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Ben-Gurion University researcher may have found a treatment to cure leukemiaDr. Roi Gazit, a medical researcher at Ben-Gurion University, believes that he may have found a way to cure leukemia. Gazit’s research goal is not only to produce a cure, but also to help other scientists develop more types of immunotherapy.
A medical researcher at Ben-Gurion University of the Negev believes that an innovative and targeted form of stem cell treatments might hold the promise of curing leukemia. Israel has the fourth-highest per capita rate of leukemia fatalities worldwide. The blood cancer also kills more than 24,000 Americans annually.
According to the Israel Cancer Research Fund, a majority of leukemia treatments today focus on chemotherapy, steroid drugs and stem-cell transplants. Ben-Gurion University of the Negev scientist Dr. Roi Gazit has been conducting intensive research in the hunt for more effective, targeted leukemia treatments.
Gazit explains, “Immune therapies and stem-cell treatments offer great advantages, but there are too many options to choose from. At Ben-Gurion University, our research models will help to better specify which treatment may suit a specific type, and even sub-type, of the disease.”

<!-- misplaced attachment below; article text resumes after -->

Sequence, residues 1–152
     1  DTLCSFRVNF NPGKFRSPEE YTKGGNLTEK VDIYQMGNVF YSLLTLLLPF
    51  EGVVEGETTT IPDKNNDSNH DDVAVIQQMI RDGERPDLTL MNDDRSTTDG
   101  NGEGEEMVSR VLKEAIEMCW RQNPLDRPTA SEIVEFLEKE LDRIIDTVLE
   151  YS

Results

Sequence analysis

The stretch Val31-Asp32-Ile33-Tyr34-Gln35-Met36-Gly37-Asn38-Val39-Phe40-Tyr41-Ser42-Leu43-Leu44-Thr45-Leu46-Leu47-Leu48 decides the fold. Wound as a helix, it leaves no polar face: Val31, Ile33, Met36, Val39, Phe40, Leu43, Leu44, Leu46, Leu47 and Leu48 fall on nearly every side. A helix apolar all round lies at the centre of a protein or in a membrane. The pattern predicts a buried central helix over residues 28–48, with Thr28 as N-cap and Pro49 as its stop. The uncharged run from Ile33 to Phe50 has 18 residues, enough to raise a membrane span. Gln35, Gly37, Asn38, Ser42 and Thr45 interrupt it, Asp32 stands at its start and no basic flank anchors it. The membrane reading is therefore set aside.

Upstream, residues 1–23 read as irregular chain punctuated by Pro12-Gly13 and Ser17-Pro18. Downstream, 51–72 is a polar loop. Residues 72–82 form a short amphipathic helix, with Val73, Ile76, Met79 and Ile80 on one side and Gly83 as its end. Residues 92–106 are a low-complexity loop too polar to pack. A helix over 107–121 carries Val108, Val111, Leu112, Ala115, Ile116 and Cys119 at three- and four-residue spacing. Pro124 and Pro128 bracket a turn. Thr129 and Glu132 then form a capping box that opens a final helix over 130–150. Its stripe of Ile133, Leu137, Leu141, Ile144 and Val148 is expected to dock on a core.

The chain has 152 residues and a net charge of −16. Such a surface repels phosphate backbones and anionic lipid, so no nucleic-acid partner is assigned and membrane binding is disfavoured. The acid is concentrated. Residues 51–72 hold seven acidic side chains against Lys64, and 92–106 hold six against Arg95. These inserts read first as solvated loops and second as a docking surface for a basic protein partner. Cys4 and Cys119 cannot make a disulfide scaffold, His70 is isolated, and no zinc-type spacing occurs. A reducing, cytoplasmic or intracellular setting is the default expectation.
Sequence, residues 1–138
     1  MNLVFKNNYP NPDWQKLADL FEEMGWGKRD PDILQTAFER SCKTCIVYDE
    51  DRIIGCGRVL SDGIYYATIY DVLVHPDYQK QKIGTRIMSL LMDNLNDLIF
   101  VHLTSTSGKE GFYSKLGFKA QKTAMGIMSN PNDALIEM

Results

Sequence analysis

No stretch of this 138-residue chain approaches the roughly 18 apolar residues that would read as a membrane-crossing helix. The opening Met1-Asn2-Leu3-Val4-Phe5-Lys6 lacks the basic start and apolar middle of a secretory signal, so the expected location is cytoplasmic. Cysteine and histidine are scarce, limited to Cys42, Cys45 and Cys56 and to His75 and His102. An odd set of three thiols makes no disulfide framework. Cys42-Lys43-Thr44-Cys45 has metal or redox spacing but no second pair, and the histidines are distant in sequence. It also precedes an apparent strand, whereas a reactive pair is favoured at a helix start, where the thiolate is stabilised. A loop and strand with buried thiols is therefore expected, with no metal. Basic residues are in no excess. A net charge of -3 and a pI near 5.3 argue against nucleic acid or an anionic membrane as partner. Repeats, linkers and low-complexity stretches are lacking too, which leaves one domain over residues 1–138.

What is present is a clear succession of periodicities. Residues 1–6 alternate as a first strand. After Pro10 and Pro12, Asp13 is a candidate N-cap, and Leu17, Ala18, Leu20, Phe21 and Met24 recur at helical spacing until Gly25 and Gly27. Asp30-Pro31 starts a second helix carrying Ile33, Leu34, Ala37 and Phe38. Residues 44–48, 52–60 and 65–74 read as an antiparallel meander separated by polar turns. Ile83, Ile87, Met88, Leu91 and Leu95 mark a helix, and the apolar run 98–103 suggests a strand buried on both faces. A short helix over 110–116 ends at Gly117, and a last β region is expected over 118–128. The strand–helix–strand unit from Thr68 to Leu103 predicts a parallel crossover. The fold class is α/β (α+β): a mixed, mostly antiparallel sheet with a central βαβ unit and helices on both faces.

“Unfortunately, there is no one-size-fits-all treatment for leukemia,” he continued. “That’s why we need tailor-made models to fit the treatment to the disease.”
Gazit is using hematopoietic stem cells (stem cells derived from bone marrow). These unique stem cells are used in cancer treatment because of their ability to divide and form new and different kinds of blood cells.
Stem cell therapy is considered to be the next frontier of medicine. Different types of stem cells are being used in research for all kinds of dreaded maladies from cancer to ALS (Lou Gehrig’s Disease).
Gazit’s lab at Ben-Gurion University utilizes primary stem cells, which have been cultured directly from a subject, and turns them into a malignant leukemia growth inside of mice. By examining how leukemia spreads, Gazit is exploring different ways in which hematopoietic stem cells can be deployed in order to halt leukemia altogether.
The end goal of Gazit’s research is not only to formulate a cure, but also to help other scientists develop more types of immunotherapy and other ways to use stem cells to combat leukemia.
“With any new information, we can gain a better understanding, which at the end of the day translates into better treatment,” he said.
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